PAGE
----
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Should I be inoculated against the West Nile Virus in the Boston region - 2000

Question: I recently read about the West Nile Virus in the Boston region in mid September. Would inoculations be wise or necessary as my fiancée is quite prone to insect bites. What would you recommend?

Answer: West Nile Virus appeared last year on the Upper Eastern seaboard of the US. It caused many cases of infection but thankfully only a handful of fatalities. It is a virus originating in birds but then transferred to humans via mosquito bites.

Since it's appearance last year the Federal Agencies responsible for it's eradication have worked hard to kill off the mosquitoes that spread the infection, including spraying insecticide across parts of New York and advising people on how to stop the insect breeding by not letting any water stagnate near human habitation. This has been very successful, and there have been a lot fewer cases since then.

There are no inoculations for this illness at present, and in reality you or your fiancée don't really need them. This is because the virus normally only causes a mild flu like illness, which passes in a few days. The people who are most at risk are the elderly and those who already have other serious medical problems. Infact of the 4 deaths in New York last year, the average age was 82 and they all had other conditions too.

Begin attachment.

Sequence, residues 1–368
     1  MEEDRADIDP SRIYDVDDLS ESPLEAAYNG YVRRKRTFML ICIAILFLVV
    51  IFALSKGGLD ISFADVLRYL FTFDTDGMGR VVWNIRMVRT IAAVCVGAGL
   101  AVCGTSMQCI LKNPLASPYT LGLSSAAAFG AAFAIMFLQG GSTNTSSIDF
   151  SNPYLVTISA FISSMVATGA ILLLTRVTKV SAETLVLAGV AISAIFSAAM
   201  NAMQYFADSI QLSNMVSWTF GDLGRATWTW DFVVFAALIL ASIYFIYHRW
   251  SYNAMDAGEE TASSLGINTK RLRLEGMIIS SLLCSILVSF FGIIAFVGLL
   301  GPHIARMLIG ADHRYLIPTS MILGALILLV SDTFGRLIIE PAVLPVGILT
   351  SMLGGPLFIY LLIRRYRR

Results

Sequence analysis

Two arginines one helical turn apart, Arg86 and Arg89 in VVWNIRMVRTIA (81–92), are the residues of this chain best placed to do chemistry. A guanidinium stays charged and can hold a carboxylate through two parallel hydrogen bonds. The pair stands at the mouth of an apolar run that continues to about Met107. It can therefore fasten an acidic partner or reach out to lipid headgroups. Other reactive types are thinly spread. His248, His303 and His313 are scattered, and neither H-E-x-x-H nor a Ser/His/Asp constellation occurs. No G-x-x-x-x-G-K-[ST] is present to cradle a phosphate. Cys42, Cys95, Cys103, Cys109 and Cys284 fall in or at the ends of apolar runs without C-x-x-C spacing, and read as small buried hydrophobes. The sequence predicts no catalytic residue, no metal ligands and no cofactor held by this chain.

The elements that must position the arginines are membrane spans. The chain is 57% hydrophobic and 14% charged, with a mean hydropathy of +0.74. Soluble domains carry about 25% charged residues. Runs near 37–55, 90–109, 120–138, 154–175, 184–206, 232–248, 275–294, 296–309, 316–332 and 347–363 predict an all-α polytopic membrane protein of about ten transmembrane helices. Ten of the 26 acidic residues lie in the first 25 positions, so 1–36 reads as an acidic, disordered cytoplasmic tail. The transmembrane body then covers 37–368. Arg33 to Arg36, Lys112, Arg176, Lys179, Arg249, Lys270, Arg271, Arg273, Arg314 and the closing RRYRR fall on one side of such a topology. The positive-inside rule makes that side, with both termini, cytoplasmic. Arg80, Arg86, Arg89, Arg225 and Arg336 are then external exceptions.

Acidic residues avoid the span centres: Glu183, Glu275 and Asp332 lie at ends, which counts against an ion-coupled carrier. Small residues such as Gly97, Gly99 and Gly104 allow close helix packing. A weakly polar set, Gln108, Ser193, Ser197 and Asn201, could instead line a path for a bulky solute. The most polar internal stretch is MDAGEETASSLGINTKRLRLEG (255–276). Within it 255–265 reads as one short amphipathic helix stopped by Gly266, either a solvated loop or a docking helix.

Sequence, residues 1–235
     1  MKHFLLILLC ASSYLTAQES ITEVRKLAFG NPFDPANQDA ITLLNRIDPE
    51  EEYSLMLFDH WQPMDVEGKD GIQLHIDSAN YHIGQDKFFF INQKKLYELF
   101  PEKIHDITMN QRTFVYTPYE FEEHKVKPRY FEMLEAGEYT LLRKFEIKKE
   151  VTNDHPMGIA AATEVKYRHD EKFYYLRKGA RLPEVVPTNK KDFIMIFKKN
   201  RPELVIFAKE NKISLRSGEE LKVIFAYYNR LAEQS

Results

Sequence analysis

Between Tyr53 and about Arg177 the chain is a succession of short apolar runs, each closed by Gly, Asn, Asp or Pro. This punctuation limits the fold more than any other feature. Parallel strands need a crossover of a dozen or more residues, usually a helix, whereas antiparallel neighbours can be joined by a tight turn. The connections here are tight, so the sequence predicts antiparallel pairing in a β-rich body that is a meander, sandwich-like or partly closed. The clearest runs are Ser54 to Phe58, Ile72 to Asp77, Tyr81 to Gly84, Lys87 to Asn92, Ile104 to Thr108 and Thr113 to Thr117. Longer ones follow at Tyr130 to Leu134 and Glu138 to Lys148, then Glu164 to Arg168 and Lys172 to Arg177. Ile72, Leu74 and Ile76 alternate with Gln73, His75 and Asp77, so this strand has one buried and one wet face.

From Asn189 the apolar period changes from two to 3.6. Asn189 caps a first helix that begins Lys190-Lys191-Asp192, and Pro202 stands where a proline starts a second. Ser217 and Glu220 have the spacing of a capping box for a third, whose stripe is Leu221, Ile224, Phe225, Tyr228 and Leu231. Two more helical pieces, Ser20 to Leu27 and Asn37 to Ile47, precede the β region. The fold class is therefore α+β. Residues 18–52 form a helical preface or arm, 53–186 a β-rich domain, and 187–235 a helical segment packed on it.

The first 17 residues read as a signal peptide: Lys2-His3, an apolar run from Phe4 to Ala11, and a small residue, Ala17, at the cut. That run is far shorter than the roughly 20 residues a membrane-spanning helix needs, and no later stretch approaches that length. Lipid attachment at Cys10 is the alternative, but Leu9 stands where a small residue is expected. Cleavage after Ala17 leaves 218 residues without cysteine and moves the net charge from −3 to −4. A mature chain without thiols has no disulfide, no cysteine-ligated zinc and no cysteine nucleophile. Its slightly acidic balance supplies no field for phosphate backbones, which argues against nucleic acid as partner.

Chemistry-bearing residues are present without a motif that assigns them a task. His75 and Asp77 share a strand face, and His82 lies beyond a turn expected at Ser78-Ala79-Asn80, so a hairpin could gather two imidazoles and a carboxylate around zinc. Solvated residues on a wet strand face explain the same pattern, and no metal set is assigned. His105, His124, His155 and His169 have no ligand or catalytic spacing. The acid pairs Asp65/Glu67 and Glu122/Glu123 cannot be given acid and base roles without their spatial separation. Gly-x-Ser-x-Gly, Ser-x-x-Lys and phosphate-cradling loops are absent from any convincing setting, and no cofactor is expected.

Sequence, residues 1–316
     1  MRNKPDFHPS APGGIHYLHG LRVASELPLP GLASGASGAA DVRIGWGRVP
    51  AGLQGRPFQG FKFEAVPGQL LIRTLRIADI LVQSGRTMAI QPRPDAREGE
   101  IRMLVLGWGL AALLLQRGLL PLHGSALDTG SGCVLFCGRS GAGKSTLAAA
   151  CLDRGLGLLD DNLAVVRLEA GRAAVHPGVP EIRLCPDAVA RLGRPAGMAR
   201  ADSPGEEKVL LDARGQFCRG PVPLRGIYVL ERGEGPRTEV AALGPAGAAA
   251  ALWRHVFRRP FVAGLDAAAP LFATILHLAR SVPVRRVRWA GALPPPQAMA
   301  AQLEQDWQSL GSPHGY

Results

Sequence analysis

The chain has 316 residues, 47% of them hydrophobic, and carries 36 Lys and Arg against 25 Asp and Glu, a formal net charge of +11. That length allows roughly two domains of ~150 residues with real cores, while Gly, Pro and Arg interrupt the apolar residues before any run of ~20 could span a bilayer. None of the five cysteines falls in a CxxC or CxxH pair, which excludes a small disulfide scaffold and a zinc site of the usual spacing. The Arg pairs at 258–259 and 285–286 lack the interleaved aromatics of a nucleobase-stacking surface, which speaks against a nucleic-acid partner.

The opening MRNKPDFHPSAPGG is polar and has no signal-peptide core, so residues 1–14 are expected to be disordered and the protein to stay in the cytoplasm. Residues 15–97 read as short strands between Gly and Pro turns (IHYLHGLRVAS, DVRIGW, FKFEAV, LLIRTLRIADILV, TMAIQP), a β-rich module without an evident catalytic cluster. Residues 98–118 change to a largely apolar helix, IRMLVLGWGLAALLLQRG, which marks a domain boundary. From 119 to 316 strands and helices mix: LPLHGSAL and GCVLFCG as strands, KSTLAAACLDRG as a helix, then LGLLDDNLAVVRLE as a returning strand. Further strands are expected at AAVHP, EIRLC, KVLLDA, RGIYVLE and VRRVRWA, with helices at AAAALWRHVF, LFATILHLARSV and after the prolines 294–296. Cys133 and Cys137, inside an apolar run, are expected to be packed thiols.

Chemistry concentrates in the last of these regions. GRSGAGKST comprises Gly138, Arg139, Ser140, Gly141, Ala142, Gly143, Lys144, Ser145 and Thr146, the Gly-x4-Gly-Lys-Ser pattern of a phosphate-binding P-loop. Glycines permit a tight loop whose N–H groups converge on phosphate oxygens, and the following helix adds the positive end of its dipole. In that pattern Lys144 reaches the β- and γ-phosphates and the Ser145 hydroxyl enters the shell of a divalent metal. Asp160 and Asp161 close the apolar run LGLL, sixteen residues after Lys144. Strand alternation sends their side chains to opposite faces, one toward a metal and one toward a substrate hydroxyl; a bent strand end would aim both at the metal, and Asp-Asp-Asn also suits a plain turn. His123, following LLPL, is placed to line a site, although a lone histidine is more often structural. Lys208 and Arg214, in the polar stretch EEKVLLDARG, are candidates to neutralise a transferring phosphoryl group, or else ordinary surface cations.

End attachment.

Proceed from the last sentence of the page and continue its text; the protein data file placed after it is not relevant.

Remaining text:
Rarely West Nile can cause an encephalitis, this is an inflammation around the brain that needs steroids to control the symptoms. New Yorkers are told to look out for any flu like illness that then leads on into a severe unremitting headache and neck stiffness. It is then possible to diagnose the infection with a blood test, but there is no immediate cure, just supportive measures until your own immune system has beaten the infection.

Of course it's not much fun being bitten by bugs when you're away anyway. Your fiancée should take all the usual protective measures if she is prone to attack. I suggest she buy a local insect repellent, which always seem to work better than imported ones, to spray on any exposed areas. If you are in a bug infested area, like a swamp or still creek then wear long sleeved shirts and long trousers especially at dusk when the bugs are hungrier. Another travellers trick is to take a daily Vitamin B12 tablet, or some prefer a clove of garlic a day as this seems to make you less of a tasty meal to these mosquitoes.

Finally, I always take a sedating antihistamine with me, like Piriton as bug bites always seem to itch more at night, and these tablets can stop the itching and help you sleep when taken in the evening.


Dr Jules Eden

Dr Jules Eden
MBBs BSc MRCGP




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Information published on this website is not a substitute for professional medical care or advice but should be used only as an aid in understanding current medical knowledge. A Doctor should always be consulted for any health problem or medical condition.

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